Cassandra Clare and Holly Black.
Clark Panugalinog
Cassandra Clare, Holly Black on how to handle movie adaptation offers
Karla Rule (The Freeman) - May 16, 2019 - 12:00am

CEBU, Philippines — Book best friends and best-selling authors Cassandra Clare and Holly Black met in 2002, when Clare asked Black for a coffee run following the latter’s book signing for her first tome. They have since written novels together (“The Magisterium” series) and have travelled in book tours alongside each other – making readers cry with their twists and taking them on an adventure of secret worlds and magical creatures.

Clare, author of “The Mortal Instruments” series, and Black, known for “The Spiderwick Chronicles,” were recently in Cebu for their King and Queen Tour with National Bookstore, featuring their latest releases: Clare’s “Queen of Air and Darkness” and Black’s “Wicked King.”

Before meeting with their Cebuano fans at the Northwing Atrium of SM City Cebu, the young-adult fiction writers sat with Cebu press and talked about how they build their winding stories, their interests outside of writing, and what happens in their writing group which they share with authors like Marie Lu, Kelly Link, and Leigh Bardugo among many others. The two also got real about what it’s like to get the movie adaptation treatment, as well as their advice to aspiring writers who want to build a world of their own.

What’s your first hook when it comes to starting a story?

Cassandra: I usually come up with the characters first. I figure out who they are and the story coalesces around the characters. Once I know what the characters are, and what their interactions are with each other, the plot grows with those interactions and relationships that they have with each other.

Holly: I often start with character. But I also start often with a picture that gives me a feeling. It’s an image that I have and I want the story to feel like it. The trick for me, I think, and why I change so much is because I’m chasing the feeling. What is the story that would make me feel that way, or would make the reader feel that way? The questions are very important. When I get to the question then I actually start to have all the building blocks. But it gets me a while to triangulate between this kind of feeling, the characters, and the question of the book.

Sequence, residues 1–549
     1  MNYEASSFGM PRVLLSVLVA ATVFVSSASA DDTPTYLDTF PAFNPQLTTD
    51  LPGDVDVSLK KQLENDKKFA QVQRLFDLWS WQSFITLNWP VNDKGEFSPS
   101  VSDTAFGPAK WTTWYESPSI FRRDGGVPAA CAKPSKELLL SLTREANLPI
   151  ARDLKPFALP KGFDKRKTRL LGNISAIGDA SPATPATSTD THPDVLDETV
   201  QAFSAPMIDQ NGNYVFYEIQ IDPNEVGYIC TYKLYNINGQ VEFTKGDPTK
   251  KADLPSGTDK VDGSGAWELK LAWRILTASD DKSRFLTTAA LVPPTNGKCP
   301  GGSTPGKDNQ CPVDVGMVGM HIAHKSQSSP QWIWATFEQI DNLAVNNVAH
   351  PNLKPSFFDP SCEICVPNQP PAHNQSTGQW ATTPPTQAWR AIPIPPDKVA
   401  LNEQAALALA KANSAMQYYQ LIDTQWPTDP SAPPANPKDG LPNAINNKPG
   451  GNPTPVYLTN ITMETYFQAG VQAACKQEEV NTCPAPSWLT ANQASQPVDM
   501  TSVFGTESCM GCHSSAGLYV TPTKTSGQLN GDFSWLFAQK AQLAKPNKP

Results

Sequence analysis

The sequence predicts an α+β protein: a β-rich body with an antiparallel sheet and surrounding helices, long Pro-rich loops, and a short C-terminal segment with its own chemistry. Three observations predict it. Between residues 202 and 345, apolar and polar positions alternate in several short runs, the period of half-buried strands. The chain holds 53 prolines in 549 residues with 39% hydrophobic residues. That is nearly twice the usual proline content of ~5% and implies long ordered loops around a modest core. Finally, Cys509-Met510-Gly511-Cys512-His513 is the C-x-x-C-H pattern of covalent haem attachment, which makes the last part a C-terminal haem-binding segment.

Can you tell us about your writing group?

Holly: We’re really lucky that we live about five miles from each other. We get together almost every day at Cassie’s house and work on our own stuff. We put our headphones on. It’s great to be in a community like that. It was my dream to be part of a community of writers. It gives you the opportunity to…when you’re stuck, you can ask ‘Hey is this working?’ Especially with professional stuff where you don’t always… You all have your own careers. You can lean on other people’s experience and say ‘Hey I’m having this problem, what do you think?’ It’s lonely in this industry and it’s not lonely because we have that community.

Cassandra: It definitely helps with the writer’s block. If you’re stuck on something, you can turn to your friends. Everybody in the group is very familiar with everybody’s work. We go on these writing retreats every year, very often. It’s a bigger group. It changes on who’s available at the time. They’re able to come in and read each other’s works. You get to read other people’s stuff early. And you get to give advice and they get to give you advice. It’s really helpful.

What do you enjoy outside of writing?

Holly: I obviously spend a lot of time reading. It’s great to be able to read not for work. It’s a real pleasure. And I have a five-year-old. I spend a lot of time, when I’m not working, chasing after him and messing around.

Cassandra: I like to travel. Every time I get any the free time, I like going all over the world, experiencing new things, learning new stuff, visiting places I’ve never been to. It’s great. It’s always really exciting. And ‘True Crime.’ I listen to ‘True Crime’ podcasts and murder mysteries. I’m really addicted to them. Half the time the husband murdered the wife and I’m looking at my husband like, ‘Are you going to push me off the balcony?’

Why do you like to explore themes like fairies and hidden worlds?

Cassandra: The Shadow Hunters is the idea of this secret group of warriors. Growing up, the idea that there was magic in the world that only some people know about, that it was there but some of us didn’t get to see it was really attractive to me. I really wanted to believe that there were werewolves, vampires, fairies, demon hunters. They’re among us! I was willing to accept that I couldn’t see them but I liked the idea that they did exist.